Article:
Two Butler County schools fall below the mark
Two Butler County schools have fallen from the rank of academic clear.
Last year, all Butler County schools were classified academic clear for the first time since the State of Alabama Department of Education began its accountability testing. The Butler County school district remained academic clear, based on the results of the 2001 Stanford Achievement Test (SAT), Ninth Edition, released by the Alabama State Board of Education on Thursday.
Georgiana High School and Greenville High School have been placed on the list of academic caution after a majority of student scores on the SAT fell below the 40th percentile. In 2000, Greenville High School jumped from Alert 2 status, or one step away from being taken over by the state, to academic clear.
"We are appealing the score. We want them to rescore the tests because our scores are showing otherwise," said Butler County School Board Superintendent Dr. Mike Reed. "Because the scores are so close, we are asking the State Superintendent of Education to re-evaluate because one student's score could make all the difference. However, we will be looking very closely at the data as well as our curriculum to make adjustments."
A school or school system is classified as academic clear if a majority of the students score at the 40th percentile or above. Ninety-seven percent, or 124 out of 128, school systems are classified as Academic clear, and 90 percent, or 1,156 out of 1,282 schools participating in the Stanford 9, are classified as Academic clear, according to the report.
A school or school system is classified as academic caution if a majority of its students score below the 40th percentile, or a system is classified as academic caution if the majority of the system's schools score in Academic caution or Academic Alert. For 2001, one school system and 68 schools are classified as Academic caution.
"I want to congratulate the students and the teachers that worked hard to make this year a success," said Gov. Don Siegelman. "Alabama has been recognized for having one of the toughest accountability systems in the country. Each year, we improve our performance on these tough standards. But we must continue working to ensure that every Alabama child has an opportunity for success."
In 2001, the percentage of academic clear schools and school systems has increased while the percentage of Academic Alert and Caution schools and school systems decreased, according to the report.
Ed Richardson, state superintendent of education, said: "We are all very pleased with the results of those schools that worked so hard to move out of Alert 3. I am very proud of the students, teachers, parents, and the specialists brought in by the state Department of Education who made this work." Additionally, he stated, "We learned many valuable lessons working with Litchfield during its first year of intervention. We were able to apply that information to the other schools, which helped move them forward more quickly than might have been anticipated."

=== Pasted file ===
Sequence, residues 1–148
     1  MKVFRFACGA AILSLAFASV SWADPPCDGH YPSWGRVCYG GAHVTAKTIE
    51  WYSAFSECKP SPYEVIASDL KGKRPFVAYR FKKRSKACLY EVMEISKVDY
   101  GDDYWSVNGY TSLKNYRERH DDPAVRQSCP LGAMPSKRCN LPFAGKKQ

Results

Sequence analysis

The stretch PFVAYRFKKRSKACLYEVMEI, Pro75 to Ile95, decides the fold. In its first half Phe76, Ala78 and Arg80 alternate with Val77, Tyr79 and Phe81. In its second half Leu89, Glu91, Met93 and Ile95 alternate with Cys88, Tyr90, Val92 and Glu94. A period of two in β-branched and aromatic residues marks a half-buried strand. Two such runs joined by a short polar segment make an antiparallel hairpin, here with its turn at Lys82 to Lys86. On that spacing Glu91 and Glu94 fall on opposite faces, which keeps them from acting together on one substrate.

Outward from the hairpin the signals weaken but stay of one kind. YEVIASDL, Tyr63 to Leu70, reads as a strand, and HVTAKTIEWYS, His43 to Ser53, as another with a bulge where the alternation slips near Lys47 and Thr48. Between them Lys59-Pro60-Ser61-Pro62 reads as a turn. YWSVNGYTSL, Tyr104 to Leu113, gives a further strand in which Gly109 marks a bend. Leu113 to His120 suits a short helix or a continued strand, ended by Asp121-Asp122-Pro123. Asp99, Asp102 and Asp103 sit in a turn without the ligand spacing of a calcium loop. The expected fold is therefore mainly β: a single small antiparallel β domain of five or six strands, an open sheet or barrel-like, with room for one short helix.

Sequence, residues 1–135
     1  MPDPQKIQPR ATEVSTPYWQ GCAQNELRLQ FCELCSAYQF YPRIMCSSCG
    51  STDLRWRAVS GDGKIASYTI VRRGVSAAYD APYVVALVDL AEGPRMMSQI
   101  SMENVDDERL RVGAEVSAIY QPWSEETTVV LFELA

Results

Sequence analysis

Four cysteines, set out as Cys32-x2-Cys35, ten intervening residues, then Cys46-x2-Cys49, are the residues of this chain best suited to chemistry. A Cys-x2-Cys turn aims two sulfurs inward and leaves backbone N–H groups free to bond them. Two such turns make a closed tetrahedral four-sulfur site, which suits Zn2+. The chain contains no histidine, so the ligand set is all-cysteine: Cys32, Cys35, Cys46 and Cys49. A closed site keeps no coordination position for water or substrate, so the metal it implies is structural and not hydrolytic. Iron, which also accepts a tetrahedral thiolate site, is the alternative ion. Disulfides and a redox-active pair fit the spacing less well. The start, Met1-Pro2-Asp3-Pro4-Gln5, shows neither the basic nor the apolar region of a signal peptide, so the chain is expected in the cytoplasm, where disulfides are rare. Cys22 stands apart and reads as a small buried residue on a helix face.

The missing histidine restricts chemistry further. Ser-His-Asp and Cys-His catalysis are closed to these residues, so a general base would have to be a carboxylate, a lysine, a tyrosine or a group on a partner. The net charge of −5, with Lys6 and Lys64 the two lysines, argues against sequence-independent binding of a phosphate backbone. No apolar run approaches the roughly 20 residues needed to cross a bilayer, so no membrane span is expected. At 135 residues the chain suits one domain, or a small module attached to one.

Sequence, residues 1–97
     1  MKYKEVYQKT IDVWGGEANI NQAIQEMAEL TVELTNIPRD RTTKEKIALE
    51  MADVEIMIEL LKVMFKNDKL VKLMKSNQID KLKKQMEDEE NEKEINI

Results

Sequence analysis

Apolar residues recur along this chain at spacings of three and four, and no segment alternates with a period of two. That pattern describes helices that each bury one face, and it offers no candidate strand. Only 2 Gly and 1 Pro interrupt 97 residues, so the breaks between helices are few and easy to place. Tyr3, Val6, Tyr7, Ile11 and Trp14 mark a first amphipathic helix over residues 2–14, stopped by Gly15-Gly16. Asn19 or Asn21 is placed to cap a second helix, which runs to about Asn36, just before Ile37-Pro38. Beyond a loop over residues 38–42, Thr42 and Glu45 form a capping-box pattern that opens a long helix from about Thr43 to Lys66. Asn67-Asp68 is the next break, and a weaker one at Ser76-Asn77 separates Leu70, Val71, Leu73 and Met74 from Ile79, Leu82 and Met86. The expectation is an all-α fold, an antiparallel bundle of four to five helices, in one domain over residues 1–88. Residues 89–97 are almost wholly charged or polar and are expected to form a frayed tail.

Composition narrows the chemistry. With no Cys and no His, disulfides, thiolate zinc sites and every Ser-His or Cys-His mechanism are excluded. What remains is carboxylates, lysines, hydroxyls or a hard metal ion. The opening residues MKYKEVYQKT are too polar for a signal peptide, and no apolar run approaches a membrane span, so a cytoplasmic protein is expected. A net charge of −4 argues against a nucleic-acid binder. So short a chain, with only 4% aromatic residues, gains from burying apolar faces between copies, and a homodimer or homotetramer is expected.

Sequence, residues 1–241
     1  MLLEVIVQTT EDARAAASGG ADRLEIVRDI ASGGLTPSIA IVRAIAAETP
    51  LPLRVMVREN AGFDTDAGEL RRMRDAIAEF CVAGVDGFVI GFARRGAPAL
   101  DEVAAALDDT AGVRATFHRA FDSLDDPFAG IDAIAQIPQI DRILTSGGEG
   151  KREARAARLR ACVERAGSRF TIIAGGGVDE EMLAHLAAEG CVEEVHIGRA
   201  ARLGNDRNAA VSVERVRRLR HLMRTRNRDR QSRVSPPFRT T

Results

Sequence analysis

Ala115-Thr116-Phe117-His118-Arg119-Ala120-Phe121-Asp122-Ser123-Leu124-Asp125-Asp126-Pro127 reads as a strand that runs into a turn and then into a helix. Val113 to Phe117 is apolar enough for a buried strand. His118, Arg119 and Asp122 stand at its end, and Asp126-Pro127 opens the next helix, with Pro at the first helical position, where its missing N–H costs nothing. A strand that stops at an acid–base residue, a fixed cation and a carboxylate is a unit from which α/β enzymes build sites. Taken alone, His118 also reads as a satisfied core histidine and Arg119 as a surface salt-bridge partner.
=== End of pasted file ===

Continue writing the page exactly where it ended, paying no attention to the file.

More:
The Stanford 9 was administered to 473,142 Alabama public school students in Grades 3-11 in April. Results released today indicate that for the second year in a row, total scores for all nine grades tested, including special education students, were at or above the national average of 50. In addition, average percentiles across Grades 3-11, including special education students, are above the national average in all subjects except reading, which is at the 49th percentile. The state's average percentile scores are three to four points higher in subjects when special education students' scores are excluded, according to the report.
State Board of Education Vice President Dr. Ethel Hall said, "We are all very proud of the effort of our students, teachers and administrators and everyone knows we still have much work to do, especially in the area of reading. I am confident programs like the Alabama Reading Initiative, will begin to show a positive impact in the years to come."
This is the sixth consecutive year that Alabama students in Grades 3-11 have taken the Stanford 9 and the resulting scores used for school and school system accountability. Schools and school systems earn classifications based on their performance on the test.
Based on recommendations of the Southern Regional Education Board, the state Board of Education is currently reviewing its assessment and accountability methods. The board will act on that information in 2002. An interim assessment and accountability plan will take effect at the beginning of the 2001 school year. New regulations mandated by the federal government will have an effect on the way students are tested in the future.
"There has to be some measure of accountability. Whether it is the Stanford, or some other method, remains to be seen. Obviously, we want to help schools avoid intervention, but the bottom line is that we must ensure our students can compete with others from around the nation and the world," said Richardson. "This year's results prove accountability works and can help improve student performance in struggling schools. The state Board of Education will continue to work toward our goal that every Alabama public school student has the opportunity to receive a quality education."